Chinese Firms Can’t Avoid Being Party Tools

The sale of British Steel is a dangerous foothold for Chinese Communist Party power in the U.K.

Workers line up to sing communist "red" songs at an instant noodle factory run by Nanjie village in China's central Henan province.
Workers line up to sing communist "red" songs at an instant noodle factory run by Nanjie village in China's central Henan province on Sept. 29, 2017. Greg Baker/AFP via Getty Images

British Steel has often served as a window onto the prevailing political landscape in Britain as a commodity that once forged the empire became a symbol of national decline. As part of attempts at revival in 1988, the Conservatives turned the British Steel Corporation—originally the product of an ambitious nationalization scheme in 1967—into British Steel PLC as part of the great push toward privatization that still reverberates through the U.K.’s industries and infrastructure. On Monday morning it was announced that the Chinese conglomerate Jingye would rescue the stricken steelmaker, saving thousands of jobs—mainly in northern England. Underpinning this development is another seismic shift in British society—albeit one less noticed.

There’s no doubt the deal is good for British Steel’s workers in the depressed town of Scunthorpe, who have labored under uncertainty and, until recently, the flawed leadership of a private equity group. There is still caution and perhaps even a degree of skepticism about the promised 1.2 billion-pound investment, about $1.5 billion, but the future looks far brighter than it did only days earlier.

Yet stepping back, this development constitutes a slide toward greater dependence on the Chinese party-state and forms another tie in the knots binding together Britain’s boisterous parliamentary democracy with an illiberal Leninist vanguard party, the Chinese Communist Party (CCP). The questions of Chinese party-state ownership are not the same as those of foreign ownership in general, nor the often-discussed drawbacks of transnational capital. Today, as Brexit approaches and Britain embarks on a desperately indulgent farewell tour of a golden age that never existed, the U.K. is coming perilously close to rendering itself dependent on Chinese capital—with unsettling implications.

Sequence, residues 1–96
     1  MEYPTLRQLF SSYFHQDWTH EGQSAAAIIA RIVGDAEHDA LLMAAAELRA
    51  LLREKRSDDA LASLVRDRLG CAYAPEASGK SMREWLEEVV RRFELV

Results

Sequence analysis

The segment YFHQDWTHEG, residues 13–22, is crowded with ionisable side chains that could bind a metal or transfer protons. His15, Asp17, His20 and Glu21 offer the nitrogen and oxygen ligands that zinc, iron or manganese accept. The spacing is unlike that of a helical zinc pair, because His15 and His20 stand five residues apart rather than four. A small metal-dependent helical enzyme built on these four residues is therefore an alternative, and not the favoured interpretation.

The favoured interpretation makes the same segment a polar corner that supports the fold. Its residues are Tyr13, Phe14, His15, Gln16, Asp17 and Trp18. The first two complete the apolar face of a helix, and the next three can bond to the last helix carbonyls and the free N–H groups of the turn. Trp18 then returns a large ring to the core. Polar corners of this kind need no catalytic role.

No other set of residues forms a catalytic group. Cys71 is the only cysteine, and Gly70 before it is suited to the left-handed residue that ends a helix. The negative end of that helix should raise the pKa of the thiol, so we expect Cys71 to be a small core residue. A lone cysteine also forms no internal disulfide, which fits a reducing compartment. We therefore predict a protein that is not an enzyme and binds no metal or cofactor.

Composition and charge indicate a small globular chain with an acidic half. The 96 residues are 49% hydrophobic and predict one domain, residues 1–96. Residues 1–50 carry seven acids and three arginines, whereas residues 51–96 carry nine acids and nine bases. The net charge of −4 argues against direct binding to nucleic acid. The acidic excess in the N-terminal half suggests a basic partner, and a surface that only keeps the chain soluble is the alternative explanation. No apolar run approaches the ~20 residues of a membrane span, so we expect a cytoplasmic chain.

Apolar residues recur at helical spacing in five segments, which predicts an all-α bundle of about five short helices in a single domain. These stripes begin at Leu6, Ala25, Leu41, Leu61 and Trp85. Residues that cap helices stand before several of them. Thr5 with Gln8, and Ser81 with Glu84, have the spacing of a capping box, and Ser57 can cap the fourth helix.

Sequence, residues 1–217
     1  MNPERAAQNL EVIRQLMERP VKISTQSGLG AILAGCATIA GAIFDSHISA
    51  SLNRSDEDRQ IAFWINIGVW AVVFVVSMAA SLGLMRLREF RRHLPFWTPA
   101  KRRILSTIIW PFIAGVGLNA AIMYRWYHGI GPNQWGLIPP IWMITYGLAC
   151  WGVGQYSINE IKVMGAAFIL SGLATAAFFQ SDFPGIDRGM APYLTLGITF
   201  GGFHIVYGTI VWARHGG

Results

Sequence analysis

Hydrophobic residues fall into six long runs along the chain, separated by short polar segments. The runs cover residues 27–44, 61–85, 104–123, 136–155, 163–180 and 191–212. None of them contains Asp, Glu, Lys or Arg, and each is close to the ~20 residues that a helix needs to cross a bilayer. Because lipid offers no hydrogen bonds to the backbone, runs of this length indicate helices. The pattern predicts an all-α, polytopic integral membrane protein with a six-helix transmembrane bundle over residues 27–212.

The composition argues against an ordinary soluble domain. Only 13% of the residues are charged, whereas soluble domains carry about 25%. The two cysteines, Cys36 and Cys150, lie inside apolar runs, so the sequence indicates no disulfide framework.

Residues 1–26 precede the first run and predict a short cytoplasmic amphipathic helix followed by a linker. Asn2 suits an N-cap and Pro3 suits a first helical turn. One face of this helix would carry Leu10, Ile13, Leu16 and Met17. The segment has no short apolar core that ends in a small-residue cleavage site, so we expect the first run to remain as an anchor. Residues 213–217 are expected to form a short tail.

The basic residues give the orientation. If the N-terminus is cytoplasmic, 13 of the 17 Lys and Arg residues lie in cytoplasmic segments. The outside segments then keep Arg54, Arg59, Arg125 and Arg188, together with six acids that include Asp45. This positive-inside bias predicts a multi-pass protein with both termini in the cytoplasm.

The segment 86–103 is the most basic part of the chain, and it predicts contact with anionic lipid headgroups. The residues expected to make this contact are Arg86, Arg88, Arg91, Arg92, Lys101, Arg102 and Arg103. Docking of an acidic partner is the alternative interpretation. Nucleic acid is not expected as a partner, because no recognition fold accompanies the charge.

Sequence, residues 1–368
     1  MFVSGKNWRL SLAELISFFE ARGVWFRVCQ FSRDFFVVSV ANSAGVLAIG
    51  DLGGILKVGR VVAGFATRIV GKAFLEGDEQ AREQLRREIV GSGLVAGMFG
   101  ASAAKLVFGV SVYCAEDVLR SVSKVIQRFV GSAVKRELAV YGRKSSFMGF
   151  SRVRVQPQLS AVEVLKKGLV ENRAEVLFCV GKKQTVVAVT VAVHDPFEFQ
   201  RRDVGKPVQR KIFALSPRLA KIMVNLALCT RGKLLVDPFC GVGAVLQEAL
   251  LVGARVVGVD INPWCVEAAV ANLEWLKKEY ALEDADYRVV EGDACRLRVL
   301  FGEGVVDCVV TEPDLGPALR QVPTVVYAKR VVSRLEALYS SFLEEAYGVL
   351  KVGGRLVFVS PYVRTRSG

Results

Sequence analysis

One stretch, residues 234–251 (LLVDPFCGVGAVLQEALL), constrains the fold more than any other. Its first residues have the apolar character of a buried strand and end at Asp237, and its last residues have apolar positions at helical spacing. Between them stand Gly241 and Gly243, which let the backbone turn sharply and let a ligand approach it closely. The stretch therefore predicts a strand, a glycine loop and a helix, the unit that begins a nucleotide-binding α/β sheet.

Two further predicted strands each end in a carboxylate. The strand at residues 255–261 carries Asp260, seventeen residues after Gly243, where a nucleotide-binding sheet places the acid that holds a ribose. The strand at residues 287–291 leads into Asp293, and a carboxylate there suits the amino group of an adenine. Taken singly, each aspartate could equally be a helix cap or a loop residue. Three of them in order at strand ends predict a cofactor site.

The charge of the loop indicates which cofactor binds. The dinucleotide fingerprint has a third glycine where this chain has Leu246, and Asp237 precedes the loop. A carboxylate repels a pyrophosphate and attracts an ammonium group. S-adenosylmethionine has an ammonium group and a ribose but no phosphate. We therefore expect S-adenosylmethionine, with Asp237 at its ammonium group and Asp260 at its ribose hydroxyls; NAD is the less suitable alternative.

To be sure, acquisition of British Steel is not nearly as spectacular as the Chinese intervention into the U.K.’s civil nuclear sector. In that case, a deal on financing for the Hinkley Point C nuclear power station came with assurances from the British side that the China General Nuclear Power Group would be able to take the operational lead on a new nuclear power station in Bradwell. This spectacularly reckless promise marked the zenith of the “money men” and their power over security officials during the leadership of former U.K. Prime Minister David Cameron and enthusiastic backer of Chinese investment Chancellor George Osborne. Yet steel may still be considered a key component of Britain’s security, and a more confident government might have thought twice before allowing it to be handed over to an increasingly adversarial foreign power.